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1 Vol. Clll, No. 4 PHILADELPHIA. Thursday January fiumbeb 1885 Copyright 1987 Th«Duty Pennsylvanlan College Hall history unearthed Archives reveal strange tale of a cornerstone By ABBE KLKBANOFF You cartt really call Sheldon Hackney the goose that's got the golden egg because it isn't exactly an egg and it hasn't yet hatched. But the University president is sitting directly above College Hall's cornerstone an unopened piece of University history that dates from the beginning of the building. In 1870, the University decided to move out of its declining neighborhood at 9th and Chestnut Streets to the rural farmlands of West Philadelphia. The class of 1871 placed a lead box containing memorabilia into the cornerstone of College Hall, the first building constructed on the new campus, with instructions that it be opened 100 years later. According to University archive documents, the memorabilia included drawings of the campus, memoirs of past University presidents, an 1871 catalogue, the June 1871 copy of the Penn Monthly, and boxes deposited by the Philomathean and Zelosophic Societies. But 100 years later, the class of 1971 couldn't find the cornerstone, even with the added advantage of electronic detecting equipment. Five years later. Assistant Archivist Hamiliton Elliott discovered the clue which Inside 34th Street Republican wonder boy Marc Holtzman wanted to be the youngest member of Congress. Last year he came up far short. Read all about the campaign in this issue of the weekly entertainment magazine. 30th to 63rd Street West Philadephia Police Officer Mike Sosnowyj has been working his beat on foot for the past eight years, helping the people who work or pass through the University area. He says every day is different. Page 8. Kevin Rlch«rd»/Daily Pennsylvanian College Hall's history: a lime capsul e, a horse, a dead professor, black smoke, melting walls and secret stairwells led to the discovery of the hidden wall of a basement rest room. But Shabel relented and the wall was opencornerstone. "When we realized it was it in the base- ed exactly 105 years to the day after it was Elliott said yesterday the reason they ment in a newly renovated bathroom, placed in the building. But even after the efcouldn't find the stone in their original [former Vice-President for Operation Ser- fort the stone could still not be removed search was because they were looking in the vices) Fred Shabel said 'we just re-did the because it is part of a structural column. wrong corner and on the outside of the men's room six months ago and a lot of peobuilding. A letter from the building's ar- ple are really happy with the way it is,' " he Elliot said that the contents of the 1871 chitect clarified where the stone was in the said. (Continued on page 9) Settlement ends 9-day Rutgers strike By EILKEN CHANG An nine-day strike which shut down many classes at Rutgers University and left some school administrators in the awkward position of cleaning dormitory bathrooms, may finally be at an end. The strike by blue collar and clerical employees virtually paralyzed the university, leaving campus roads clogged with snow and many faculty members walking picket lines instead of teaching class. A tentative settlement ending a nine-day strike at Rutgers University was reached between the administration and two unions Tuesday night after eight hours of bargaining. The settlement details, which have not been revealed publicly, will be voted on by union workers on January 30. A statement issued Tuesday night by Rutgers University President Edward Bloustein expressed Bad weather causes construction delay relief that the strike has been resolved. "My sole desire now is simply to welcome our employees back warmly and to work once more with them in building a better university to serve our students, our faculty, and the people of the state and the nation," Bloustein said. "In an academic institution which depends on collegiality and teamwork, there are no winners in a strike," he added. "Everyone has suffered dislocation and inconvenience... We are grateful for the patience and cooperation that almost all members of the university community have shown under difficult circumstances." Unions leaders could not be reached for comment. Some professors taught shortened classes or canceled their sessions in sympathy with the strike. Others taught their classes at non-university loca- tions, such as fraternity houses and meeting rooms in local churches, and even a pizza parlor. The strike began on Jan. 19, On that day, the representatives of two AFSME unions. Local 1761 representing 1600 secretarial, clerical and technical employees and Local 888 representing 1200 blue collar employees, walked out of a mediation session. Supporting the strike, although not striking themselves, was the Rutgers Chapters of the American Association of University Professors, consisting of 3700 faculty members and teaching and graduate assistants. The unions originally threatened to strike over a number of issues including pay increases, overtime procedures, clothing allowances, and better harassment protection. (Continued on page II) Student says he took keys Accuses janitors of poor security B> DALE MA/m An Upper Quad resident yesterday claimed that he KOfle.i Ml >>t janitor's keys reported miuini January 16 to prove that maintenance workers are too lax with lecurit). The student, whoso name is being withheld by IheDaih I'trinwlvanian, added he had a friend return the keys to the Ouad Monday. January 19. He also claims that maintenance workers routine!) use marijuana in their locker room in the (lass of 1928 dormitory basement. Maintenance worker! and a spokesman for the union representing the workers denied both the drug and WCUrit) charges, but several students who live in the dormitory basement Mid lasi nifhl rti.it they have frequently noticed the smell of marijuana coming from the jahitor's locker room. In a written statement, the student admitted he stole the keys from the keyhole of a locket room door. "The technicians are supposed to help Insure safety," the statement lays. "Instead, they are promoting danger." The ttudeffl said that he often noticed "a vast array of keys ranging from UTV keys u> / ke>s dangling from the keyhole, just waiting lor an unsavory characta to rab." Custodian Bill Stebbens acknowledged yesterday that he left his keys in the keyhole of the locket room door January 16 while he went inside lor a short while. "It was probably a prank which turned out to be a pretty poor prank." Stebbens said of the theft. The maintenance workers in question are Environmental Services Technicians, according to the student. A spokesman for John Morris. secretary-treasurer of Teamsters Local Union 115, which represents University housekeepers and maintenance workers, yesterday defended the workers and said that the student should be prosecuted as a thief. "If the kid stole the keys, then the University should deal with him as a thief," the spokesman said. He added that other methods of ac- (Continued on page 10) By LESLIE KKRR Rain and snow have caused a delay in the 3401 Walnut Street construction, pushing the expected completion date of the complex back by approximately one month. Real Estate Consultant Paul Levy said this week that because of rain in October and the recent snow, construction of the project may not be complete until this November. The construction contract originally stipulated that the building would be completed in early October. A spokesman from Kravco Leasing Company, contracted to lease retail space by the University, could not be reached for comment yesterday. Daniel J. Keating Construction Co. Project Manager John Danowski said yesterday that construction workers have been working on clearing the snow from deck forms in order to be able to pour concrete since Tuesday. Because the rain and snow are not something the contractors can control, they will not be penalized for the delay, Danowski said. Each day lost because of problematic weather will be added to the deadline agreed on by the University and Keating. Danowski estimated that there are presently 40 workers on the job, and said that more will be added next week when electric work will be started. Currently, contractors are preparing to pour concrete into the complex and have also begun mechanical and plumbing work for the building's basement retail area plumbing. According to Levy, current goals for the center include opening of the retail portion of 3401 Walnut in early September, completion of second and third floor offices by October, and completion of the upper floors by late November. (Continued on page 5) THIS PAINTING IS ONE of the works in Gary Chapman's recently opened one-man exhibit at the Houston Hall art gallery. Known for Extremities Christina Bonl/Daily Pennsylvanun realistic portrayals of the human anatomy. Chapman has a strung grounding in the religious tradition of painting. Page 3. U. debates merits of undergrad. business degree By ART BURKE Even as College students scramble to tranfer into the Wharton School, there is no consensus among educators or business professionals on the value of an undergraduate business degree. Wharton Graduate Division Associate Director Howard Kaufold said last week that the rising demand for MBAs in American industry has forced many individuals with undergraduate degrees in business to seek advanced business degrees, sometimes rendering their undergraduate education redundant. But Kaufold added that a Bachelor's degree in business can be useful if an individual is not interested in graduate business school or plans to complement the degree with some other graduate degree. Wharton Undergraduate Associate Director Byron Dresner agreed that many businesses ultimately demand that their managers receive MBAs. Dresner added, however, that an undergraduate Wharton degree is still worthwhile because it allows graduates to take more advanced courses when and if they attend graduate school. "Some MBA programs will allow the waiver of introductory courses for which credit has already been received," Dresner said. "The students can then spend their two years taking upper level graduate courses." Dresner said that Wharton administrators have also advanced the argument to some companies that recruiters should view the Wharton undergraduate degree as equivalent to an MBA. Despite this argument, he said that students with an undergraduate degree in business don't have an edge in getting into top business schools. Harvard Business School Spokesman William Hokanson agreed that an undergraduate degree, regardless of its value in the business world, has little bearing on acceptence into graduate school. "Most of the students that come to Harvard have not studied business undergrad," he said. "We don't place a lot of emphasis on this. Only 15 percent of our students have undergraduate degrees." Aside from disagreements about the practical relevance of an undergraduate business degree, Economics Professor and Faculty Senate Chair-elect Gerard Adams has raised questions about the degree's educational merits. "The undergraduate education is really supposed to be a liberal education," he said. "You don't want it to be professional." Adams said that many schools have removed their undergraduate business programs for this reason, and he contended that for students interested in business, any liberal arts degree, coupled with work experience and an MBA, can be adequate for success. But while questioning the value of an undergraduate business degree, he defended Wharton's relatively balanced curriculum, saying that the school is doing its best to give students a broad background outside of business issues. Wharton Undergraduate Associate Director William Whitney also stressed the school's extensive liberal arts requirements. "A Wharton undergraduate degree is a valid education because two-thirds of the requirements are liberal arts courses and they will give the student a broad backgroud if they are chosen wisely," he said. Whitney added (hat many Wharton courses should be of general interest to students in the College. He cited economics, statistics and accounting as courses relevant to almost any field of endeavor. While educators disagree on the practical and educational merits of an undergraduate degree in business, industry recruiters say that the title offers many opportunities. James Grady, employment director for SmithKline Beckman Corporation, a leading Philadelphia pharmaceuticals firm, said (Continued on page II)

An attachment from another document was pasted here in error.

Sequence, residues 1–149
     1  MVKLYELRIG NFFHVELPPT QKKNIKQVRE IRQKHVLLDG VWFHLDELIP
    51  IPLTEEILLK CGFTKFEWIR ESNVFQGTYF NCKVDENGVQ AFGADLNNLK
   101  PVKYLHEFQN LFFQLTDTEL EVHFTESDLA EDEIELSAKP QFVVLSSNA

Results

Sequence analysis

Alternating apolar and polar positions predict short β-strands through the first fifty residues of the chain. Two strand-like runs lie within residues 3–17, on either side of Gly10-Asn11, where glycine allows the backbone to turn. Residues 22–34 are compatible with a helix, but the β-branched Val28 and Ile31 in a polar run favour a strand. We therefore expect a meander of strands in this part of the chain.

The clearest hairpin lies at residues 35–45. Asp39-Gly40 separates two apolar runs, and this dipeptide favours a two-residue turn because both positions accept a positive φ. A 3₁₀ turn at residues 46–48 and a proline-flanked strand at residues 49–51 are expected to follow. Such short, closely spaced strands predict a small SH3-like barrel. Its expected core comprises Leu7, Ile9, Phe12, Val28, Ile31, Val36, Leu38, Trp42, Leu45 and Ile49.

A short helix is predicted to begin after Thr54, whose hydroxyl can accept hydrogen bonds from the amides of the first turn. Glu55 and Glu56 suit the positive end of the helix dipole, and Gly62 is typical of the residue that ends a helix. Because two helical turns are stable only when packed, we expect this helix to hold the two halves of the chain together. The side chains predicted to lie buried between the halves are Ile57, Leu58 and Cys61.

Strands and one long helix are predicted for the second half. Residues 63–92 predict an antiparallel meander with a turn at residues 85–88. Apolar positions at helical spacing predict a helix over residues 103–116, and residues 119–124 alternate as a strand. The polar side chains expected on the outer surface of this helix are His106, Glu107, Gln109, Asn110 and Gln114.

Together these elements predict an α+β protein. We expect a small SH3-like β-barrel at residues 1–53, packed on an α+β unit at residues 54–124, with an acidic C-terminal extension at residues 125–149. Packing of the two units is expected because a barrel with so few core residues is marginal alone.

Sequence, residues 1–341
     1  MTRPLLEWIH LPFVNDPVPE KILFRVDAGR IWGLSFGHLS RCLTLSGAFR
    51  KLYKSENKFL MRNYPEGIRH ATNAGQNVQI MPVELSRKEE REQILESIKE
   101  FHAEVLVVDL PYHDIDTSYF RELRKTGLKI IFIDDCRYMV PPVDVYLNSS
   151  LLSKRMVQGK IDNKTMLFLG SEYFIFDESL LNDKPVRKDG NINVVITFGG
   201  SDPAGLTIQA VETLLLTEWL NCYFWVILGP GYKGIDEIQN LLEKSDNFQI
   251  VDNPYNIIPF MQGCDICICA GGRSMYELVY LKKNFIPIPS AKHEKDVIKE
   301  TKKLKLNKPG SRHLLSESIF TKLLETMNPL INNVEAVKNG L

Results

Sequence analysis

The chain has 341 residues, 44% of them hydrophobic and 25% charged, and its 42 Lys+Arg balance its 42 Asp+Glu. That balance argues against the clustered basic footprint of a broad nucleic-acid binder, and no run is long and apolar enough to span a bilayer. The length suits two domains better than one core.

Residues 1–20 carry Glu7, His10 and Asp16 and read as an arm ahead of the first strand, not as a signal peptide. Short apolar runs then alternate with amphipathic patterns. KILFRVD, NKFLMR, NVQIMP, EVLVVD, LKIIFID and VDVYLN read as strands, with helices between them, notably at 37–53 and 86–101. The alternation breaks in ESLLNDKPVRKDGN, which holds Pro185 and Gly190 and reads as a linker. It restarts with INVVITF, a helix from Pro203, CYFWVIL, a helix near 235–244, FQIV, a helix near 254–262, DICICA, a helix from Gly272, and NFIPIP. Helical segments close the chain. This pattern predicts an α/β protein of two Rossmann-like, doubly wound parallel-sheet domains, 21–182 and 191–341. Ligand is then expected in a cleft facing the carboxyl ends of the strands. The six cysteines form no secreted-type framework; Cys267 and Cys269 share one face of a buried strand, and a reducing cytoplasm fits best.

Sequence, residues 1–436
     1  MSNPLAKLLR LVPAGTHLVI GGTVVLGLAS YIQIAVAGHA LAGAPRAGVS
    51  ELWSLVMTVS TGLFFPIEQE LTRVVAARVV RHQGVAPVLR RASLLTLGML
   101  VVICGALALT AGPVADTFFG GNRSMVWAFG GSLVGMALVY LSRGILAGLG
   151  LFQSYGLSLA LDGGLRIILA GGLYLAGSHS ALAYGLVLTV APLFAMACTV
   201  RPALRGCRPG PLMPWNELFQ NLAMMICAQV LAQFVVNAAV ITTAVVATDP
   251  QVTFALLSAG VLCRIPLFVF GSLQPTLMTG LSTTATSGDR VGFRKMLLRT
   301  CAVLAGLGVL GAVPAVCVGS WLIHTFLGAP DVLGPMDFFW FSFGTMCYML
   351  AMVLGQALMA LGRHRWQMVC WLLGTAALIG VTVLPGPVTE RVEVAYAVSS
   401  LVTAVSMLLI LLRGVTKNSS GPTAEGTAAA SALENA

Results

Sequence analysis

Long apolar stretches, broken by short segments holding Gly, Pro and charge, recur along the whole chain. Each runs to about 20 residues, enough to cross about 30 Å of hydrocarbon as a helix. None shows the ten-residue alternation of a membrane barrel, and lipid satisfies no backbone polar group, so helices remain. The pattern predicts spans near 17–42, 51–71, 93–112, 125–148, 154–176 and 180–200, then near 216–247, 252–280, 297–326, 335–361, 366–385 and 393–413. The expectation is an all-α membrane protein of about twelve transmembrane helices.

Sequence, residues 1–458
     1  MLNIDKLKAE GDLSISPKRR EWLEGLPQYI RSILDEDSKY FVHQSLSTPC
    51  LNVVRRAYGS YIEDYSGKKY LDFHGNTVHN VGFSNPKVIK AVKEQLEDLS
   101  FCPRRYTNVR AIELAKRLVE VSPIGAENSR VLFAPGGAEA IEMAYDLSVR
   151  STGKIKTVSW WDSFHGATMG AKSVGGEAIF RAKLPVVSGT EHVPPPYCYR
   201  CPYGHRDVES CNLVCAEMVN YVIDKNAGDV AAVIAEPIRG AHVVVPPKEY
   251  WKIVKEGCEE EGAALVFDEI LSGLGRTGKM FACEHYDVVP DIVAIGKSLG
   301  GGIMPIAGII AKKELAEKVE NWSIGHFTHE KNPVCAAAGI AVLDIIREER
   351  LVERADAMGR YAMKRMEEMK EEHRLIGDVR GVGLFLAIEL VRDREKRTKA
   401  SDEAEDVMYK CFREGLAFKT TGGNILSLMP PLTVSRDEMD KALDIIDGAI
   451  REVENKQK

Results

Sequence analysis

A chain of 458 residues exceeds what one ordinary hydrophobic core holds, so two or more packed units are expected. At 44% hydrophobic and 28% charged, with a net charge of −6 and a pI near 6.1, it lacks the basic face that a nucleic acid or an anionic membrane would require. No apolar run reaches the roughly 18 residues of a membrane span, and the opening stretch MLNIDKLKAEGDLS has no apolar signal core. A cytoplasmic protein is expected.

2 ^*Al PAGE 2 THE DAILY PENNSYLVANIAN - Thursday. J«mi»r> International Gorbachev gains more control after expulsions MOSCOW The Communist Party expelled two old guard stalwarts from its highest ranks yesterday and gave Kremlin leader Mikhail Gorbachev greater control of the powerful secretariat, but it did not make some reforms he proposed. The two-day plenum of more than 300 Central Committee members did not fulfill the rumors of dramatic leadership changes, and its results suggested disagreement over some programs Gorbachev included in his lengthy speech Tuesday. It endorsed Gorbachev's insistence on accelerated economic change and more openness in Soviet society, however. A final resolution said: "There is nowhere we can retreat." National Worrisome moms detail whacky excuses for kids LEESVILLE, La. "My son is under the doctor's care and should not take P.E. today," one parent wrote. "Please execute him." That death sentence was inadvertently recommended in a note which a parent who was in a hurry or possessed of an uncertain vocabulary wrote to excuse a child's absence from school in Vernon Parish. "Some of them [duplicated copies of excuses] were obviously made up by students," Richard Carter, assistant principal of Leesville High School, said yesterday. But most, he said, were probably legitimate excuses written by parents. In these samples, names were replaced with either Fred or Mary to protect innocent and guilty alike. One parent appeared to have taken drastic action: "Please excuse Mary for being absent. She was sick and I had her shot." "Please ackuse Fred being absent on Jan. 28, , 31, 32 and 33." wrote a parent who lives by an unusual calendar. City I av in's request for early release is denied PHILADELPHIA A federal judge denied convicted cocaine kingpin Lawrence Lavin's request for a reduction of sentence yesterday, saying Lavin's problems adjusting to prison life did not justify an early release. Lavin was convicted of heading the largest drug ring ever prosecuted in eastern Pennsylvania and must serve at least 17 years of his 42-year sentence before he is eligible for parole. He began serving his sentence in I.eavenworth federal prison but according to the Federal Bureau of Prions in Kansas City, he was moved recently to an undisclosed facility. Lavin's attorney, Thomas Bergstrom, filed a motion in December to reduce his client's sentence. Bergstrom described the former dentist's mood as "utter despair." Kidnapper-rapist admits guilt, gets life sentence DOYLESTOWN. Pa. A Common Pleas Court judge yesterday sentenced a man who confessed to the rape and murder of a 13-yearold Northeast Philadelphia girl to life imprisonment. Albert Altimari, 35, of Oxford Circle, was sentenced to life on the murder conviction plus 10 to 20 years on kidnapping and rape, said Kathleen Fluehr, spokesman for the Bucks County district attorney's office. The sentences were imposed by Judge Isaac Garb after a two-day non-jury trial in which Altimari pleaded guilty to the rape-slaying of Tina Severns. He confessed to raping her twice, beating her and dumping her body in a drainage ditch in Falls Township. Bucks County District Attorney Alan Rubenstein said Altimari pleaded guilty because the evidence against him was "mind-numbingly overwhelming." Weather Sunny this morning with increasing cloudiness in the afternoon and highs in the low to mid 30s. The latest addition to the University's line of merchandise is this set of 'Penn Press-on Nails,' available in six fashion colors. Just one trip to The Book Store with dad's credit card and you can be Penn Press-on Nails Evalln* Lton/Daily Pennsylvanian the first in your dorm to show your Penn Pride from the tips of your ringers to the bottoms of your feet. Actually, the nails belong to Michelle Forand, a prefreshman who really wants to go to Penn. Group claims to have Americans BEIRUT, Lebanon A group calling itself Islamic Jihad for the Liberation of Palestine claimed responsibility yesterday for the abduction of three Americans and an Indian professor from a west Beirut campus. In London the Church of England said the Archbishop of Canterbury had received assurances that his envoy, Terry Waite, was safe and continuing his mission to free foreign captives in Lebanon. The four professors were "conspirators under the pretext of education," said the handwritten Arabiclanguage statement delivered to the west Beirut office of a Western news agency. The group had not been heard from before. The statement was accompanied by a polaroid picture of one of the hostages, American professor Robert Polhill, 53, of New York City, a lecturer in accounting. Polhill and three others were seized Saturday at the campus of Beirut University College by gunmen posing as Lebanese riot police. The other hostages are Alann Steen, 47, of Arcata, California, a communications instructor; Jesse Turner, 39, of Boise, Idaho, a visiting professor of mathematics and computer science; and Mithileshwar Singh, 60, a visiting professor of finance. Singh is a native of India and resident alien of the United States. The group said in its statement: "The Islamic Jihad Organization for the Liberation of Palestine, as it announces its debut, declares responsibility for the abduction of four Americans who are conspirators under the pretext of education. "They have been using the facade of teaching to carry out American intrigues at Beirut University College," the statement said. It could not be determined whether the group is related to Islamic Jihad, or Islamic Holy War, the pro-iranian Shiite Moslem extremist faction that holds American and French hostages kidnapped in west Beirut in Iranian Speaker says his nation won't help U.S. TEHRAN, Iran Parliament Speaker Hashemi Rafsanjani yesterday flourished a Bible he said was sent by President Reagan as a token of goodwill, but he said Iran is not ready to help free American hostages in Lebanon. The speaker, Hashemi Rafsanjani, called on the United States to release $507 million in Iranian assets frozen by President Jimmy Carter after the seizure of the U.S. Embassy in Tehran. "The Americans must release our assets and when they give the orders for their release, we are prepared to help them," he told a news conference. The United States and Iran have been negotiating over the assets at a special tribunal in The Hague, Netherlands. Rafsanjani displayed the leatherbound "Open Book Bible-Expanded Edition" at a news conference, holding it open to the title page which bore Ronald Reagan's name and a handwritten New Testament verse: "And the Scripture, foreseeing that God would justify the Gentile by faith, preached the gospel beforehand to Abraham, saying, 'All the nations shall be blessed in you.' Galatians 3:8, (signed) Ronald Reagan, October 3, 1986." In Washington, White House spokesman Larry Speakes said he did not know whether Reagan signed the Bible. Rafsanjani said the Americans tried about a month ago in Frankfurt, West Germany, to renew contact through Iran's arms dealers, this time with a "Mr. Dunbar" of the U.S. State Department in the delegation, but Iran rejected the initiative. "I think the time is not right that we have talk or discussion with the United States," said Rafsanjani, considered the second most powerful man in Iran after revolutionary leader Ayatollah Ruhollah Khomeini. Sources in Washington last week said Secretary of State George Shultz told a House committee that he sent a State Department team and CIA negotiators to Europe on December 6 to meet with Iranian representatives, but that the State Department officials refused further arms-forhostages deals. Rafsanjani also displayed a photocopy of what he said were false Irish passports carried by Robert McFarlane, former U.S. national security advisor, on his secret visit to Tehran last May. One passport had McFarlane's picture but gave his name as Sean Devlin and said he was born in Dublin on August , lived in Ireland, had hazel eyes and was 5-foot-10. The journalists, mostly from the foreign press, had to leave watches, wallets, rings and all other personal items except money, a pen and a note pad in a rigorous security check at the gate of the Parliament complex in central Tehran. Only cameras and tape recorders left overnight for inspection were allowed in the hall. Rafsanjani said Reagan showed courage in seeking better relations with Iran and in saying there was no evidence Tehran was responsible for any terrorist acts in the past year and a half. Dems: Reagan responsible for Iran arms sales WASHINGTON Democrats controlling both the House and Senate served notice yesterday they won't let President Reagan off the hook despite his plea that Congress not "let Wright (D-Tex) said Congress was "chomping at the bit," for instance, to pass legislation providing insurance to ease the financial burden of catastrophic illness. While Wright derided Reagan's sincerity as a self-proclaimed champion of balancing the federal budget. White House spokesman Larry Speakes charged that "a few old soreheads his offer to sit down and fashion a "nogimmicks," pay-as-you-go plan for balancing the budget deficit. The speaker complained of a "gap between rhetoric and reality" in what partisanship weaken us" over the Iran arms Even though Reagan and congressional hooted derision" at the president's call Tuesday Reagan says and does about government spendeal controversy. leaders pledged bipartisan cooperation, both night for a constitutional amendment requiring ding and dealing with terrorist nations. The day after the president made the appeal in his State of the Union address. House Speaker Jim Wright said Democrats will waste no time pursuing their own legislative goals this year, without waiting for Reagan's specific proposals. sides quickly gave way to partisan sniping. Amid a chorus of Republican praise for the president's speech on the House floor, Representative Charles Schumer (D-N.Y.) rose to declare: "The Gipper has fumbled the ball, and he hasn't yet recovered." a balanced budget. "If they want to do something about the budget, the action starts in Congress," he said. "Were the hooters the ones who voted for the bill? Let them stand up and be counted." But Wright said he doubts Reagan will accept While pledging to "get to the bottom of this and... take whatever action is called for," the president urged Congress to avoid becoming "obsessed with failure" and letting "partisanship weaken us" over the Iran affair. Filipino rebels under siege by Aquino gov't MANILA, Philippines Government troops fired warning volleys of tear-gas grenades today at a broadcasting center held by more than 200 rebels who defied an ultimatum to surrender. Military chief Gen. Fidel Ramos met through the night at a military base with 200 officers who urged violence not be used to end the twoday siege by mutinous soldiers supporting former President Ferdinand Marcos. Prof follows his proboscis MINNEAPOLIS, Minn. Standing amid hundreds of small brown glass bottles in his "flavor library," Gary Reineccius selects a vial and unscrews the cap. "Ahh," he says, sniffing. "This is one of my favorites." "This" is mcthylcyclopentolone, more commonly known as maple syrup. Another bottle contains a familiar summertime smell cis-3-hexenol, better known as freshly cut grass. In other bottles are the flavors of green bell pepper, mango, anise and orange blossom. Flavors and aromas are Reineccius' specialty. A University of Minnesota professor of food science and nutrition, his research focuses on identifying and isolating the flavor components in food. "I do it out of love," Reineccius said. When he first started at the University 16 years ago, his research involved studying the food nutrient loss. He doesn't deny this is an important area Up to 1,000 heavily armed soldiers, marines and riot police took positions around the walled broadcast center in suburban Manila. It was the last position held by rebels who attempted a pre-dawn coup Tuesday, the most serious challenge by right-wing military men since President Corazon Aquino came to power eleven months ago. "The Filipino people are asking you to please think this over thoroughly so we can solve this pro- - blem. We beseech you to come out," Brig. Gen. Alexander Aguirre, acting commander of the Manila district, shouted through a bullhorn. Late last night, Aguirre gave the rebels a half-hour to leave the studios of Channel 7 and DZBB radio station and surrender. Heavily armed troops wearing gas masks moved toward the station in a five-truck convoy. Marines in civilian clothes and wearing yellow armbands the color of Mrs. Aquino's "peo- Ivy Towers Compiled from the Nation's collegiate press of food science but said he soon switched his focus to food flavors "because I just felt this was a more fun area to do research in." In addition to the enjoyment Reineccius derives from his work, he said that it has a practical side. He studies bad flavors to determine what causes food to spoil and how this can be prevented. In some ways, he said, off flavors are easier to identify because "you're just looking at one part of the flavor that makes it go bad, rather than identifying everything that makes it good." The Minnesota Daily ple power revolution" against Marcos were on standby to move in. The deadline passed, and five teargas grenades were fired near the station wall as warnings. There were no reports of fire by the mutineers. Aquirre later ordered a resumption of tear-gas volleys but suspended the order one minute later when a busload of wives and children of the mutineers arrived. "To those inside the Channel 7 compound, your wives are here and want to talk to you," Aguirre said through a bullhorn. The rebels ignored the appeal, and a tank fired more tear gas. During a lull in the tear gas volleys, an unidentified woman inside the broadcast center issued a defiant warning over DZBB that the mutineers would not give up. The woman was among about 5.0 pro-marcos civilians who joined the estimated 190 mutinous military men. Rally held to remember attack HANOVER, N.H. Approximately 100 people gathered Six or seven of the original 12 shanty-attackers, several on the Green last week to commemorate the first anniver- staff members of the Review and professors Jeffrey Hart sary of the attack on the anti-apartheid shanties by 12 and Douglas Yates attended, he added. students. Professor Leo Spitzer spoke against the present College Professors and students called on Dartmouth College to policy on South Africa. College President David divest and urged a strong commitment against apartheid McLaughlin and the trustees claim they "abhor aparand racism. theid... [but they) are unwilling to confront the fun-. Chris Benner '87 opened the rally with the announce- damental issue," Spitzer said. ment that several members of the Dartmouth Review who Although the administration has advocated disinvestattacked the shanties will be "celebrating the bashing" ment and has established a South African student scholartonight. ship and a data base of South Africa-related materials, "A black tie dinner to commemorate the first anniver- they are "mere cosmetic window dressings" when consary of the demolition of the shanties" was held Wednes- trasted with divestment, Spitzer said. day evening, according to Gerald Hughes '88, managing Spitzer called for a reaffirmation of commitment to editor of the Review. solidarity with South Africa. The Dartmouth Olympics allows women to bare it all PRINCETON, N. J. Exams or no exams, flocks of people gathered in Holder Courtyard last week for the traditional sophomore Nude Olympics. Of the crowd, an estimated 125 to 150 people actually participated in the event. The occasion was one of only a few times in the history of this longstanding tradition that women were among the participants. "We are a part of the class of '89," said an anonymous female partici- pant. "[The males] looked like they were having a lot of fun. The only thing that was standing between me and having fun was that I was a woman." As the snow started to fall Monday evening, students became excited at the prospect of the games. According to Peter Frelinghuysen '89, "It's one of the finest things that's ever happened to Princeton. It provides focus of unity." "This should happen everywhere," said Ameen Jan '90, who hails from Pakistan. "Nude babes, man," he added. "Nude babes." "Women always have the right to run naked in my backyard," said Holder resident Mark Rubin '90. "I'm no chauvinist." The spectators appreciated the various dimensions of the event. "I love the tribal ritual aspect of it," said Melissa Sydeman '88. an RA in Rockefeller College. The Princetonian